From the February/March 2021 issue of Car and Driver.
For the roughly 2.6 million Americans who bought vehicles from them in 2019, buy-here, pay-here (BHPH) dealerships are both a lifeline and a scourge. These used-car lots act as both dealer and lender, catering to customers with credit scores below 620, a history of making late payments, or a repossession or bankruptcy in their past. In exchange for financing these risky customers, BHPH lots charge above-market prices for their vehicles along with interest rates as high as 29.9 percent.
In 2019, BHPH customers defaulted on almost four out of every 10 loans. For the dealers, who can repossess and resell the same vehicle over and over, this is merely a part of doing business. For the hard-up people relying on those cars, though, it's another snare in the poverty trap. They are left poorer, without transportation, and with another black mark on their credit report.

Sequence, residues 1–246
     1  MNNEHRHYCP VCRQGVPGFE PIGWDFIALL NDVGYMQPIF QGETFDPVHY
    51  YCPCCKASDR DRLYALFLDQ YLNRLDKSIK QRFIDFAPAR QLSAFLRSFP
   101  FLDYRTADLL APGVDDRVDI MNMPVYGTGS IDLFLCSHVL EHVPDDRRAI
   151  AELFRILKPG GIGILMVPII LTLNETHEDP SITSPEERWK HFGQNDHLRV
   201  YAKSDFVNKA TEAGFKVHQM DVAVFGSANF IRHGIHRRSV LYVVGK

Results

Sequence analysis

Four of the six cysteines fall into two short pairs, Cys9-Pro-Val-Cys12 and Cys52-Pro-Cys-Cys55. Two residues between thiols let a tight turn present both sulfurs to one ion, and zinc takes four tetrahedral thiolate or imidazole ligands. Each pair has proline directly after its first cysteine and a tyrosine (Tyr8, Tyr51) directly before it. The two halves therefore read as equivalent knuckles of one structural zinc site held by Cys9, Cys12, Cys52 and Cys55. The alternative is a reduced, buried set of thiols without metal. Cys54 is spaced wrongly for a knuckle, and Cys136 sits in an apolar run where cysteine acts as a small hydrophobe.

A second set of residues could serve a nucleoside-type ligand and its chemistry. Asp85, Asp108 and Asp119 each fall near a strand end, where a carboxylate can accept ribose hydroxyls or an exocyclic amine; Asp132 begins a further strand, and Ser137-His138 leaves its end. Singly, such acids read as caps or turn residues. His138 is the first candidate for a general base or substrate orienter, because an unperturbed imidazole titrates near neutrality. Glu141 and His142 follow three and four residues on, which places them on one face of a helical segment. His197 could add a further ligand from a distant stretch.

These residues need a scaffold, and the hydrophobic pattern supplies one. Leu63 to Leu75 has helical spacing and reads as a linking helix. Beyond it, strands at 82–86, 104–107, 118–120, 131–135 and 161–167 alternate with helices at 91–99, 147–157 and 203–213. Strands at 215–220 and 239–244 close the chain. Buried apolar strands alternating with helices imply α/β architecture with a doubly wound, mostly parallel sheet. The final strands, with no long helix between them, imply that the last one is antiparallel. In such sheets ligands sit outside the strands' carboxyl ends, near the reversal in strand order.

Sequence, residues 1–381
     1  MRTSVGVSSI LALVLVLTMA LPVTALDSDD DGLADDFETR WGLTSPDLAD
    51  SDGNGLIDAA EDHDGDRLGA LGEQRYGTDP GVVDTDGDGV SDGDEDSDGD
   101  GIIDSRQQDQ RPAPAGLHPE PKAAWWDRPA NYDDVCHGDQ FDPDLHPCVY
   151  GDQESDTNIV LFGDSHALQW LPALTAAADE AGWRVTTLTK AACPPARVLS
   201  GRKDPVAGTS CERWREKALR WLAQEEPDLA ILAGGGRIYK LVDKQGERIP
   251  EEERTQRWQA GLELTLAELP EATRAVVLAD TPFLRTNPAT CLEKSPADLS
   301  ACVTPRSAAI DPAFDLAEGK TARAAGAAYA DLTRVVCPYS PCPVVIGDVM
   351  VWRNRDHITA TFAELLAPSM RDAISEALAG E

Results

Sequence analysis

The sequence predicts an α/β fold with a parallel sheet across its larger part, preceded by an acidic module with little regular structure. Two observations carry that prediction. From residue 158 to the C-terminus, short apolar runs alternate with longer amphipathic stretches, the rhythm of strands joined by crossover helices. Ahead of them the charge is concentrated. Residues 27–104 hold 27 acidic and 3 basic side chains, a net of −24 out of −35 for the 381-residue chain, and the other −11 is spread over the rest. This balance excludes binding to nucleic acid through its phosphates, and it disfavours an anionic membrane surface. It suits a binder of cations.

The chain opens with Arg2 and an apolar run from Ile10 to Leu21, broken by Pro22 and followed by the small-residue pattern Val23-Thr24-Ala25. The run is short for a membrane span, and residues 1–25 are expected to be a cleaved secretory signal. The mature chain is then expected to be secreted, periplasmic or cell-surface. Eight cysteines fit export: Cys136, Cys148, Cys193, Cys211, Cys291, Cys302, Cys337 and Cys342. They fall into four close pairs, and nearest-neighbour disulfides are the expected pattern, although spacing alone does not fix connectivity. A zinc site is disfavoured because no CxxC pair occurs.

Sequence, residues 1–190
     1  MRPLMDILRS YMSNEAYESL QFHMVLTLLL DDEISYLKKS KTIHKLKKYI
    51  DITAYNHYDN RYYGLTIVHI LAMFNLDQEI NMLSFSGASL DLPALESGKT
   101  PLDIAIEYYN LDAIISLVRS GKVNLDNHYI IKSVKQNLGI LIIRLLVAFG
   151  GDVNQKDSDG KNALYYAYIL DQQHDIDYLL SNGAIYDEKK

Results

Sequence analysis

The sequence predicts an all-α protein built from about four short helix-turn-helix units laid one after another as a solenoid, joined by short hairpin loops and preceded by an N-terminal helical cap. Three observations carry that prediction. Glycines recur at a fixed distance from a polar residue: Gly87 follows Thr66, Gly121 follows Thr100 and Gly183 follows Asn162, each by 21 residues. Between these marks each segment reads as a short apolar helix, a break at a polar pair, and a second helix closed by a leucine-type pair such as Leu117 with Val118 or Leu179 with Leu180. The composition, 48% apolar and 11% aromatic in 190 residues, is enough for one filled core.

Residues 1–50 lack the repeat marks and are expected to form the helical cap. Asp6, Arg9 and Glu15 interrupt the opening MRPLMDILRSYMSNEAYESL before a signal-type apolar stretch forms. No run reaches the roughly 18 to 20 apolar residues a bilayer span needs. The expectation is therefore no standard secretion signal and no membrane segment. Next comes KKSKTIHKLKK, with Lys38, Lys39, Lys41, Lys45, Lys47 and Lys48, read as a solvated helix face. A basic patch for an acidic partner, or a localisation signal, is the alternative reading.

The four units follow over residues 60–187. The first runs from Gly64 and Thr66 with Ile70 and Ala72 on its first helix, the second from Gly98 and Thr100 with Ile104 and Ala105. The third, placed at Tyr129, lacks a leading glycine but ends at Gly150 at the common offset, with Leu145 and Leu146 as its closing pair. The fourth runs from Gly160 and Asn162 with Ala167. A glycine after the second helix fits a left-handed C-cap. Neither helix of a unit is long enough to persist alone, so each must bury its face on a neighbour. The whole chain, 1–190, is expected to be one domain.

Kelley Blue Book says a 2012 Chevrolet Cruze with 105,000 miles should sell for roughly $6400 to $8000 at a conventional dealership, yet a BHPH customer could pay more than $20,000 over the life of the loan for the same car. Here's how one used car can cost two wildly different amounts depending on where it's purchased.
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